Public Alerts

May 20, 2024

Purpose: The objective of this announcement is to notify public health, harm reduction, first responders, clinicians, medical examiners and coroners, forensic and clinical laboratories, and all other related communities about new information surrounding the emergent adulterant medetomidine (also referred to as dexmedetomidine).

Background: Medetomidine is an alpha-2 agonist, belonging to the same family of drugs as xylazine and clonidine. Medetomidine is synthetically manufactured and exists in two enantiomeric forms: dexmedetomidine and levomedetomidine, the former being active and potent. Dexmedetomidine is approved for use in humans and is administered in hospital, while differing forms of medetomidine are available for use in veterinary medicine. The effects of medetomidine can include sedation, analgesia, muscle relaxation, anxiolysis, bradycardia, hypotension, hyperglycemia, and hallucinations. Duration of action is noted to be longer for medetomidine relative to xylazine.

Summary: Medetomidine is the latest CNS depressant to appear as an adulterant alongside fentanyl in the recreational drug supply. Recent mass overdose outbreaks in Philadelphia, Pittsburgh, and Chicago have all been associated with fentanyl or heroin drug products containing medetomidine, as well xylazine and/or other substances. In cases where medetomidine ingestion is suspected or confirmed, severe adverse effects have been noted, including heightened sedation and profound bradycardia.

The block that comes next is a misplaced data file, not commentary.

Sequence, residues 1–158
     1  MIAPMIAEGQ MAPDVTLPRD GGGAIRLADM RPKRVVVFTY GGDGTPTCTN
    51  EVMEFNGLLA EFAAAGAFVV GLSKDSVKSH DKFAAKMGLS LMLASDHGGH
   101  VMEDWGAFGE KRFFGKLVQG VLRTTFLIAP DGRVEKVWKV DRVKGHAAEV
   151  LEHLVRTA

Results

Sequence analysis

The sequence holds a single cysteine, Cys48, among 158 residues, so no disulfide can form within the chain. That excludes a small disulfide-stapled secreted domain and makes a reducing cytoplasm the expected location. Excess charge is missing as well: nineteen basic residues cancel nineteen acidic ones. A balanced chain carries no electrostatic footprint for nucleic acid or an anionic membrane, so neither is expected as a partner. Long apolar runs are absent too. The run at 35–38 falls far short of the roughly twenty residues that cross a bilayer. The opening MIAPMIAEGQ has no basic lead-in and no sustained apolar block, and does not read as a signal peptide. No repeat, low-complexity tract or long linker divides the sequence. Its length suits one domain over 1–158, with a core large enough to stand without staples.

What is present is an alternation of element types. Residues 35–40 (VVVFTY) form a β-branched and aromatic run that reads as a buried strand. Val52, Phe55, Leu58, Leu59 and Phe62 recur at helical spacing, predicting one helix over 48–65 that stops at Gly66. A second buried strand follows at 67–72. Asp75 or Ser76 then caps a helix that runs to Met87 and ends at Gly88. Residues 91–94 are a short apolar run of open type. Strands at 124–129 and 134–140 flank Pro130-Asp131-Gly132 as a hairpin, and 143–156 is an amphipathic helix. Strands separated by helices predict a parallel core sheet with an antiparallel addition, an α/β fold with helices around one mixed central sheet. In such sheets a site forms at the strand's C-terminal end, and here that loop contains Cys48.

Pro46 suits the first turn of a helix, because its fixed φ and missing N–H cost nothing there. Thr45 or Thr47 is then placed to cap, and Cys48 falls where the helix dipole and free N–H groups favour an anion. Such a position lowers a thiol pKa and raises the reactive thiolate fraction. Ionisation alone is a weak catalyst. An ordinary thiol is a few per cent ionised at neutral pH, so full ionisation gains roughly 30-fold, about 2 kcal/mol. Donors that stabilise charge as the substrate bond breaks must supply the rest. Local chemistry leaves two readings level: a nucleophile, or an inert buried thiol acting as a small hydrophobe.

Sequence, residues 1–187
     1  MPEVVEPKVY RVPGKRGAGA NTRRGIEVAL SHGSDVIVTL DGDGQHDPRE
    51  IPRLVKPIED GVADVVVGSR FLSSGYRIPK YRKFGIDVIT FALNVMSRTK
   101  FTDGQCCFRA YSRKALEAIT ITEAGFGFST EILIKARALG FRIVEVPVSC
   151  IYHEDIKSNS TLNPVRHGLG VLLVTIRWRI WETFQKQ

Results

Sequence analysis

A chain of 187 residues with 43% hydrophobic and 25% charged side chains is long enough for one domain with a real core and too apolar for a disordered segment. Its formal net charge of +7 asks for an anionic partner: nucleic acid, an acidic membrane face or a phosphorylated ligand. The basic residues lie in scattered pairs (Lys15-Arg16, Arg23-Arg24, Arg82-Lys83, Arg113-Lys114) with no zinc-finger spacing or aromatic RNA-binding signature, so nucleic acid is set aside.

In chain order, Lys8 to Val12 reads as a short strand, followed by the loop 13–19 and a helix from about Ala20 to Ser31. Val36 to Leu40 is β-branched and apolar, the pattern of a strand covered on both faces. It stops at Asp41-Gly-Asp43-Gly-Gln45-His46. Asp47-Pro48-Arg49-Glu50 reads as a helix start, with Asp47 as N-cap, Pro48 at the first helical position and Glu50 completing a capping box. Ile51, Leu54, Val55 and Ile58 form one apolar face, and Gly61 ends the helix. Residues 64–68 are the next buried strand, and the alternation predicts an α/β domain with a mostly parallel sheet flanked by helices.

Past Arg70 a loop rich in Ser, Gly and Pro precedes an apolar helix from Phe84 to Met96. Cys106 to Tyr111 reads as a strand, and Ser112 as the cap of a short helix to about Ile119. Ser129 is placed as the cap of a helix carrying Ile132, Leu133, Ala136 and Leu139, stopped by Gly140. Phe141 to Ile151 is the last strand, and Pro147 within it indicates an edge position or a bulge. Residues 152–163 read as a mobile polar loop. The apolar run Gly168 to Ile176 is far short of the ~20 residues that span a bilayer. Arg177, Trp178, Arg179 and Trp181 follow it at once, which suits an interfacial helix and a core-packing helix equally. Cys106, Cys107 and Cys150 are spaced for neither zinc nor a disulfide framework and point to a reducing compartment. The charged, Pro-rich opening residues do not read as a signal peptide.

April 9, 2024

para-Fluorofentanyl (pFF) has been reported as an adulterant in the illicit drug supply in recent years, particularly with the rise in illicit fentanyl. pFF is a fentanyl analogue, and is considered a narcotic analgesic. In laboratory studies, pFF is approximately three times less potent compared to fentanyl, however, concentrations in drug deaths suggest that deaths can occur with concentrations similar to those involving fentanyl. pFF is believed to be added to fentanyl to increase total drug volume for distribution, to dilute the drug being cut and to enhance the pharmacological effect. Its increase in prevalence may also be a result of transition by illicit manufacturers to more readily available precursors. Its adverse effects include sedation, respiratory depression, coma, and potentially death. In a study at the Fredric Rieders Family Foundation (FRFF) supported by the Colombo Plan on the presence of toxic adulterants in heroin/fentanyl, methamphetamine and cocaine seized drugs case in the United States (n=2,027), pFF was found in approximately 3% percent of the total exhibits and almost always found together with fentanyl (93% of the time). CNS stimulants, methamphetamine and/or cocaine were identified in 19 of the 60 cases, generally in addition to other opioids and adulterants. Of the 60 cases positive for pFF, there were four cases where fentanyl was not detected. One case was pFF only, one was pFF and tramadol, one was pFF and a fentanyl synthesis precursor, and the last case contained pFF and the novel opioid, N-Pyrrolidino Etonitazene  (etonitazepyne).


February 29, 2024